How Do You Find out How Much a Taxi Ride Costs before You Go?
written by: W. A. Swan•edited by: John Garger•updated: 3/8/2011
If you live in an area that offers taxi service, you may find it invaluable when you have need for direct transportation. Taxis are also useful when you have multiple stops and can plan the trip. Before you travel, you should figure how much a taxi costs so you have the money before you go.
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What You Need to Know
Before you get in a taxi, you should know three things: the exact destination, the route you wish to take and the approximate mileage to get there. If you tell the driver to just head for the East Side instead of 123 Hobby Street, the driver might take the wrong route and have to drive back to where you want to go. You should also be aware of the best route to get to your destination so you can guide the driver if he/she is unsure.
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What You Need to Ask the Taxi Driver
When you want to know how much a taxi costs, you must ask the driver three questions if you don’t already know the answers. You must find out the mileage rate, which is usually calculated at 1/10th of a mile. You must be aware of surcharges, which include extra passengers, baggage, stops or waiting time if the taxi must wait for you.
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How to Calculate the Fare
Taxi meters typically charge per each tenth of a mile (sometimes it is each quarter, fifth, or even eleventh of a mile). So you need to determine how many tenths of a mile you are traveling. We’ll use a simple example to find out how much a taxi ride cost.
Mileage rate - 20 cents per each tenth of a mile
One extra person - 25 cents
Sitting charge - $3.00 (the amount you are charged for riding in the taxi)
So, let’s take you and your child one mile to the food store. You are charged the initial fee for the cab ($3.00), the mileage rate multiplied by ten ($2.00), and the extra passenger fee for the child ($0.25).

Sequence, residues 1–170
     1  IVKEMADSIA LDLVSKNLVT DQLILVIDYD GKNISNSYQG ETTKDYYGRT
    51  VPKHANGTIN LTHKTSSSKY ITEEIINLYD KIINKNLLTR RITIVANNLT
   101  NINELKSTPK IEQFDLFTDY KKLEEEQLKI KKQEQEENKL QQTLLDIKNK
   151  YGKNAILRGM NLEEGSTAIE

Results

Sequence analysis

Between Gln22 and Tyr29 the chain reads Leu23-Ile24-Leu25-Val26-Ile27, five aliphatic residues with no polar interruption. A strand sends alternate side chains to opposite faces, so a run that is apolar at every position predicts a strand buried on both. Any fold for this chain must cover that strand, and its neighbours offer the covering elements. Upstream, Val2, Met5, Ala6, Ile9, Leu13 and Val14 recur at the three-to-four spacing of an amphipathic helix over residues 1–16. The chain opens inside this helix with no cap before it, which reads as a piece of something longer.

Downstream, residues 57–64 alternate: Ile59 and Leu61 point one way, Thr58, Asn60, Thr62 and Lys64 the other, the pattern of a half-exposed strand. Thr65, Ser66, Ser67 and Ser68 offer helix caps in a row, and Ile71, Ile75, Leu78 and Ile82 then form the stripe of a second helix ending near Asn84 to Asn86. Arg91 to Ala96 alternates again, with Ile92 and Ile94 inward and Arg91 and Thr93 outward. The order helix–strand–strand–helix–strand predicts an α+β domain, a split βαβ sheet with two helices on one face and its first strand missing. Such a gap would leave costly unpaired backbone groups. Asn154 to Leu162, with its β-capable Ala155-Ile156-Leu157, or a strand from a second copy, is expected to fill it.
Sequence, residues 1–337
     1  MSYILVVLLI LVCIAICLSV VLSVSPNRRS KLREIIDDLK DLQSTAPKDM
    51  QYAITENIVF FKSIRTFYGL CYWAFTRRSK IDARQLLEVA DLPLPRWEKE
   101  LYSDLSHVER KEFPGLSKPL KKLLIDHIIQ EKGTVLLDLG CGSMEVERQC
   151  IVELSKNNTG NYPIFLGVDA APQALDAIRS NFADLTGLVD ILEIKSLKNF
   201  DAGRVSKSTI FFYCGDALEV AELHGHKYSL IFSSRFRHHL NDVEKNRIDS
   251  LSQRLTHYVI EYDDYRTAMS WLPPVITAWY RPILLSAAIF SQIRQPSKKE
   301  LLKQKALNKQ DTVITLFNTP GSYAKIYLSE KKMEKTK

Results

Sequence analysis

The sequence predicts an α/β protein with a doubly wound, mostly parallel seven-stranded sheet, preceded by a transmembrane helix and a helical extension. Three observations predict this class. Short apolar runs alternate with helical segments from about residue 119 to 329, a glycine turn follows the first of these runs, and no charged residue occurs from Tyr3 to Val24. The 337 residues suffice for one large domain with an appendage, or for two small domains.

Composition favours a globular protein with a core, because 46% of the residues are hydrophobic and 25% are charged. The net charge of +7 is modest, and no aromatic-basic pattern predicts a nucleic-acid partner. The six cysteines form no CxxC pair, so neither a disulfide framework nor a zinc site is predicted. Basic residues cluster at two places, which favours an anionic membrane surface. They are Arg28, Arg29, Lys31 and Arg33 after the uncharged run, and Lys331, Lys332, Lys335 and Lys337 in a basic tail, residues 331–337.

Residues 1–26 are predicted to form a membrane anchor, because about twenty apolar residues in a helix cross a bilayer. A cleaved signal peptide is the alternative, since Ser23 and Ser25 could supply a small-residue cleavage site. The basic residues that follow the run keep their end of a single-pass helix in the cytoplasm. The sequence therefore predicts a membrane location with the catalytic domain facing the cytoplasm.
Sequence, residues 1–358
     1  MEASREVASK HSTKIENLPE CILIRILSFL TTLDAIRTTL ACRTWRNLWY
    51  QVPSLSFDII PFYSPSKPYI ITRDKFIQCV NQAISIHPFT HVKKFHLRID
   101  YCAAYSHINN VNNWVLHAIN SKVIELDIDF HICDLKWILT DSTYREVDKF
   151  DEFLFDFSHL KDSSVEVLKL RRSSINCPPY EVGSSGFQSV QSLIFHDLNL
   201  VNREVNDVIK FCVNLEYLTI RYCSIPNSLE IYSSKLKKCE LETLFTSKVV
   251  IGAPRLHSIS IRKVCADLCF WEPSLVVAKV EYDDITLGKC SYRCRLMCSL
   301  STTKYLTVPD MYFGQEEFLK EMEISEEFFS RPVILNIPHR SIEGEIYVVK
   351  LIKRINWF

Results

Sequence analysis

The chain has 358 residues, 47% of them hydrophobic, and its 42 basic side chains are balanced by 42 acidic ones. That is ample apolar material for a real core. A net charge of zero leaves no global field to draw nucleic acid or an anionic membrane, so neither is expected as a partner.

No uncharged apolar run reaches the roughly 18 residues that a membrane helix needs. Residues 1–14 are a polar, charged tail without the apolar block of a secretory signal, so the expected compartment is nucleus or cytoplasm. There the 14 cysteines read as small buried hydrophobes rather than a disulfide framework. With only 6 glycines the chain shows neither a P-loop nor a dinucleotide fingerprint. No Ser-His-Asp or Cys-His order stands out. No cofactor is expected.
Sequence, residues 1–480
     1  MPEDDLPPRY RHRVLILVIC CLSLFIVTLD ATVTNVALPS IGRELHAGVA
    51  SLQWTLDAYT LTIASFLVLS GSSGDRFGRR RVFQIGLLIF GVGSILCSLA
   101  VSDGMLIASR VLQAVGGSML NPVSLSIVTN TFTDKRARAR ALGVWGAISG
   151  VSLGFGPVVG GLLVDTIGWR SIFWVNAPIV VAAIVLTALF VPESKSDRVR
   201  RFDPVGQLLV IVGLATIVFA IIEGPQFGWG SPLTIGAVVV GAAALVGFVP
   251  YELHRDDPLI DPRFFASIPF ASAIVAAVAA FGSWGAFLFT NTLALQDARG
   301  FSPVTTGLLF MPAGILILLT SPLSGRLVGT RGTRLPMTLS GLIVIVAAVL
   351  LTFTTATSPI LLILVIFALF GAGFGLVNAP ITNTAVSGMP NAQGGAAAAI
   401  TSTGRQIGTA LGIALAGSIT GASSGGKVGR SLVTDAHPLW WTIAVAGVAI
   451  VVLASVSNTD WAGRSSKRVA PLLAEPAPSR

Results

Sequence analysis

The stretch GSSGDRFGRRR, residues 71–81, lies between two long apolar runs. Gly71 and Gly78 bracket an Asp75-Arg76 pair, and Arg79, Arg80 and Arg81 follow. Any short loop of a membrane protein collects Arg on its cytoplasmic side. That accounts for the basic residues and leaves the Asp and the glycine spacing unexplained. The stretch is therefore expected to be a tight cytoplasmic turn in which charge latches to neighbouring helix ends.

$3.00 + $2.00 + $0.25 = $5.25 total cost for the trip.
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How to Control the Fare
To control the fare, you must have control of the trip and make the most efficient use of time and distance. There are a few things you can do to control the fare. Find out if there is a flat fee for traveling long distances or to airports and bus terminals; often there is since these trips are common in metropolitan areas and the route is nearly always the same. Here are a few more tips to use:
1. Use the ATM when going to the bank if possible to cut down or eliminate waiting time. If you remain in the car there is technically no wait time.
2. Stay in the car. Avoid getting out of the car so you are not charged for multiple stops. Use drive-throughs.
3. Call ahead to have your purchase or order ready when you arrive. You can have the taxi wait a few minutes while you run into the shop to get it. Many taxis have a free time window such as “the first five minutes."
4. Don’t have the taxi wait while you run in and check to see if someone or something is at the destination. Call ahead to determine this; it may also save the trip.
5. If you use the taxi to travel to work or regular trips, determine the shortest route and ask the driver to take that route. If you use the same route each time, you can estimate the cost regardless of the driver.
If you take these steps and understand the pricing structure, you can figure out the cost of the taxi fare before you even get into the cab. You can also go a step farther and compare taxi prices if you have more than one cab company in the area. Make sure you understand their coverage areas since some companies may not be able or willing to travel to the area you want.
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Personal experience driving taxi from 2003 to 2005 and in 2010.
Schaller Consulting - Taxi Fares in Major US Cities